ANTIDEPRESSANT: Murder-Suicide: Mother Strangles her 2 Children: Kills Self

Paragraph 10 reads:  “Lo Wai-fan, a psychiatrist at East
Kowloon General Out-patient Clinic, said she met Lau in late October last
year
and prescribed her two-week’s worth of sleeping and
anti-depression drugs.
However, Lau turned up at the clinic on
November 6 – a week before her scheduled follow-up session – saying she was
suffering from insomnia and worrying about her son.”

Paragraphs three
through five read:  “But divorcee Lau Hoi-chu, 43, was released from Kwai
Chung Hospital on November 25 last year – two days before her mainland
friend Chen Shaozhen found Lau hanging in a bedroom
next to the body of

her son, Law Chung-yan, 16.

Her daughter, Law Yu-ching, 13, was
unconscious in another room in a flat in Lok On House, Tsz Lok Estate, Tsz Wan
Shan.

All three were certified dead by paramedics. The children were
apparently strangled.

http://www.thestandard.com.hk/news_detail.asp?pp_cat=11&art_id=90995&sid=26191271&con_type=3

Tormented mom told carers `she was ready
to kill’ –

Diana Lee

Tuesday,
November 24, 2009

A mentally-disturbed mother who was found hanged in

her flat near the strangled bodies of her two children told a psychiatrist she
“wanted to take her son’s life and then her own” three weeks before they died, a
coroner’s inquest was told yesterday.

Concerned she might injure herself
and others, she was sent to hospital for compulsory observation.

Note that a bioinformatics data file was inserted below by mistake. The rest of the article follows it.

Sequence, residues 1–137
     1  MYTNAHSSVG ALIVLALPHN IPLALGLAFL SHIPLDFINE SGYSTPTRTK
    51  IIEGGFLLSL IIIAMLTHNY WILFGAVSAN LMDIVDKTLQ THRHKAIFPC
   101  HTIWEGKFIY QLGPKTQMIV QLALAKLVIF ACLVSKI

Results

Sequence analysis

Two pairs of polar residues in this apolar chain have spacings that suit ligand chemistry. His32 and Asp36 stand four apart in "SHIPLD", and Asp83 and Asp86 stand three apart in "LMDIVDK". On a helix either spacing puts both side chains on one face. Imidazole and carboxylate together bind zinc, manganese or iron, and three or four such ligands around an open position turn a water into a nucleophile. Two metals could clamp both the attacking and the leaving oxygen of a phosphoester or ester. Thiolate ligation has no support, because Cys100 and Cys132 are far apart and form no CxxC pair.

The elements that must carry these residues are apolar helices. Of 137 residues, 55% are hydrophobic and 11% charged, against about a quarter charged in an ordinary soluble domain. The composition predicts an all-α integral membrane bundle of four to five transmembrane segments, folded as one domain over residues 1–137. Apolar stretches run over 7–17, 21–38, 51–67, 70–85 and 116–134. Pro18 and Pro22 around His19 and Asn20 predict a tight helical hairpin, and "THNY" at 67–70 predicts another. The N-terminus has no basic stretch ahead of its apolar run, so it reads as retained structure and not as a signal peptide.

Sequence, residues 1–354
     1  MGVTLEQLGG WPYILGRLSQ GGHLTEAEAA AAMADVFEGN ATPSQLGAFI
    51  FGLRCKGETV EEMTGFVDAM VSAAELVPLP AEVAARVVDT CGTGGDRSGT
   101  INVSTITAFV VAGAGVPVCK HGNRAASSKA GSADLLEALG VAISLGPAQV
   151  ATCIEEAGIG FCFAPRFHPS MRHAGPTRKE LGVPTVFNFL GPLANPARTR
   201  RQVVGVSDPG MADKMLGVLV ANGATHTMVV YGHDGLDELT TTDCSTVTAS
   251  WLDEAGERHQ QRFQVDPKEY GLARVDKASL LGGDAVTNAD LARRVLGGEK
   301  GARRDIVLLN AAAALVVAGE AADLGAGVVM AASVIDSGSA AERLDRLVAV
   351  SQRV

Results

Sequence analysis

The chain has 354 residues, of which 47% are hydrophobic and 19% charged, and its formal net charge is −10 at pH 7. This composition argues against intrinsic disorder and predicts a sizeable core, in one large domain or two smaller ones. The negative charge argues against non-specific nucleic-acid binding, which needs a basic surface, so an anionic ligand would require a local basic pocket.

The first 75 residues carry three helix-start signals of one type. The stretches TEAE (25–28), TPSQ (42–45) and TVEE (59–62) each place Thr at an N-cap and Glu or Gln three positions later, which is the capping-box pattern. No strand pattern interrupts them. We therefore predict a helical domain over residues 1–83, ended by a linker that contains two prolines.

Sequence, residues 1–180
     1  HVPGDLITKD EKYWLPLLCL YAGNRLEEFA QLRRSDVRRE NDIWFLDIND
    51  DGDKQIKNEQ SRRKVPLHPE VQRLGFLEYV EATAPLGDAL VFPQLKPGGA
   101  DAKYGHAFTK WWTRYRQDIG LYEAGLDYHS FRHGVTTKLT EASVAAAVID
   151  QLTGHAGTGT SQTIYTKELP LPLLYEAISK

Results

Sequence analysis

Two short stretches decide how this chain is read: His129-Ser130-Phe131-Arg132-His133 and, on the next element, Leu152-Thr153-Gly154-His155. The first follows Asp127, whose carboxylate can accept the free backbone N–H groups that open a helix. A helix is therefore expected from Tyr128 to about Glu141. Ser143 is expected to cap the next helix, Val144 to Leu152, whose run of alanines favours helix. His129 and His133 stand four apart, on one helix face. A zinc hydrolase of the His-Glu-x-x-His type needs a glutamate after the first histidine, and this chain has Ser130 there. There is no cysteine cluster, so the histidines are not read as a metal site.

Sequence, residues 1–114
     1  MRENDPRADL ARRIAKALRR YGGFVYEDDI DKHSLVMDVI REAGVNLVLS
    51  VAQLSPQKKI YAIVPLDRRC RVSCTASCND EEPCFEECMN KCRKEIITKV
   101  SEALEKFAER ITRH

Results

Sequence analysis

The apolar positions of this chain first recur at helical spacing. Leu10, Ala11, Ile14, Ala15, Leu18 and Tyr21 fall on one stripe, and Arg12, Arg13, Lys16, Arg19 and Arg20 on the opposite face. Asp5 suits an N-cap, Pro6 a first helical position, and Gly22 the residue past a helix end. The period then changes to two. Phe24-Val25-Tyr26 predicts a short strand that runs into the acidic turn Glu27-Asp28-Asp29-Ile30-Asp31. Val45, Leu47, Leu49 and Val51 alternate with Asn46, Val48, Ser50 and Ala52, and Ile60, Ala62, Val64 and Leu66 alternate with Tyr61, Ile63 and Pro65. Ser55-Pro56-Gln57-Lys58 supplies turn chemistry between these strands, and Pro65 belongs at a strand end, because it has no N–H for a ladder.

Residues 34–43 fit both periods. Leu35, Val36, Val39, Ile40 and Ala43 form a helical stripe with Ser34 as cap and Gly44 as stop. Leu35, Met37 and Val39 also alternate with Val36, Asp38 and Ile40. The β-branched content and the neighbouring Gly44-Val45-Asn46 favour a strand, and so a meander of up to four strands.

But
divorcee Lau Hoi-chu, 43, was released from Kwai Chung Hospital on November 25
last year – two days before her mainland friend Chen Shaozhen found Lau hanging
in a bedroom next to the body of her son, Law Chung-yan, 16.

Her

daughter, Law Yu-ching, 13, was unconscious in another room in a flat in Lok On
House, Tsz Lok Estate, Tsz Wan Shan.

All three were certified dead by
paramedics. The children were apparently strangled.

Testifying before a
jury of five, Chen said she took care of the children when Lau was in hospital.

She had a meal with the family shortly before their deaths and Lau
appeared to be at peace with her children.

Among the exhibits presented
in court was a calendar on which was scribbled “afraid to be admitted to
hospital again.”

In a written statement, Lau’s sister-in-law, Chen
Jianqing, said she moved into the flat on November 23 to help look after the
children together with Chen Shaozhen but on November 26 Lau told her not to
spend the night in the flat.

Lo Wai-fan, a psychiatrist at East Kowloon
General Out-patient Clinic, said she met Lau in late October last year and
prescribed her two-week’s worth of sleeping and anti-depression drugs. However,
Lau turned up at the clinic on November 6 – a week before her scheduled
follow-up session – saying she was suffering from insomnia and worrying about

her son.

Lau’s son, a Secondary Four student, had just been put on
probation for shoplifting.

“Lau was emotional and believed there was no
hope for the future. She said she wanted to end her son’s life before she ended
hers,” Lo said.

Fearing she might hurt herself and others, Lo had her
admitted to Kwai Chung Hospital under the Mental Health Ordinance for compulsory
psychiatric observation of at least seven days.

Kwong Lap-kuen, a
medical social worker, observed Lau and agreed with Lo’s diagnosis.

Chan
Wai-ping, an assistant social worker in the Social Welfare Department, said she
talked with Lau for more than an hour on November 19, during which she was calm
though she did express concern about finding a secondary school for her
daughter.

“She said it was just out of impulse when she said she wanted
to hurt herself and her son. She regretted what she had said, as she couldn’t
take care of her children while she was in hospital,” Chan said.

Lau
also wrote notes to remind herself of a “better tomorrow” and that “issues
concerning the growing up of the children do not equate to failure on my part.”

Lau’s ex-husband, Law Chi-pun, said he had not contacted her since 2006,
nor given her alimony.

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